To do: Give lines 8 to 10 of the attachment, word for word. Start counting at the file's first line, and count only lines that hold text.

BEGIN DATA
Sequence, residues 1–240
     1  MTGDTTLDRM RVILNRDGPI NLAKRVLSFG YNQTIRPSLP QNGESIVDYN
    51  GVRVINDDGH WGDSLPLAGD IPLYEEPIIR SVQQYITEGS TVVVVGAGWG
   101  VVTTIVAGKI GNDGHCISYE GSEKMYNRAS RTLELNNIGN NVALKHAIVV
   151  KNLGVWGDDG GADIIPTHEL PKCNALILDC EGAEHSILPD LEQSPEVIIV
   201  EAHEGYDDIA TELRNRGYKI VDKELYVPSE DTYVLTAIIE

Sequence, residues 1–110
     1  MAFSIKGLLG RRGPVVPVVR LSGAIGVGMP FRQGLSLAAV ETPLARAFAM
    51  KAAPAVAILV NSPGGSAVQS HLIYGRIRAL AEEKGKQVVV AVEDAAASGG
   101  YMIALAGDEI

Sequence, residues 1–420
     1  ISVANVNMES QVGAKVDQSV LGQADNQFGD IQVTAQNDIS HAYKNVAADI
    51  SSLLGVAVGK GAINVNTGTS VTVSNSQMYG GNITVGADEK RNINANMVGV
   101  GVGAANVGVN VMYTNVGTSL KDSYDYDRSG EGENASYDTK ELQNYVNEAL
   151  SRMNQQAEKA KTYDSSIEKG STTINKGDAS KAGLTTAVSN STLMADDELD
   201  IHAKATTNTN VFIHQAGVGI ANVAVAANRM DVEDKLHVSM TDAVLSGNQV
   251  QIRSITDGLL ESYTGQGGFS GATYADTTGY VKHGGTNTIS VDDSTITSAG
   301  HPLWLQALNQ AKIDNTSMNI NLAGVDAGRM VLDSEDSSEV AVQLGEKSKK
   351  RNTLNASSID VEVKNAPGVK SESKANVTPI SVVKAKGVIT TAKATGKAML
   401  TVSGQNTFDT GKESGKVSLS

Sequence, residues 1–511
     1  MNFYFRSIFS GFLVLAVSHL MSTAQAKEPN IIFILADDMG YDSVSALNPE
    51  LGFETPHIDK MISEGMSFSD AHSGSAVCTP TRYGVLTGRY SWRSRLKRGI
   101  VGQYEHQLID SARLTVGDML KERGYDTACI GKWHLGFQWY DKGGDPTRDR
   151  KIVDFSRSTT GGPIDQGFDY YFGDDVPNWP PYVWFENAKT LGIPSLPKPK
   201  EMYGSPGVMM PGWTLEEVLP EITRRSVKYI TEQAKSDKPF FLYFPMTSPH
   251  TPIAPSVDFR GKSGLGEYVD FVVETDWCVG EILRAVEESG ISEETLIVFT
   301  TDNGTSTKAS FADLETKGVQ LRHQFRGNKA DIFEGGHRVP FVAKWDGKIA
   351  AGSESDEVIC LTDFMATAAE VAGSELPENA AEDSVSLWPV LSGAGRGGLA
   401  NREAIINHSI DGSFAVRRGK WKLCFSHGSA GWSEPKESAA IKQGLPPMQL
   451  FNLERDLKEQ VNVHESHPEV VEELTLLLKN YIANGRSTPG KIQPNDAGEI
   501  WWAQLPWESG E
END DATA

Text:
     1  MAFSIKGLLG RRGPVVPVVR LSGAIGVGMP FRQGLSLAAV ETPLARAFAM
    51  KAAPAVAILV NSPGGSAVQS HLIYGRIRAL AEEKGKQVVV AVEDAAASGG
   101  YMIALAGDEI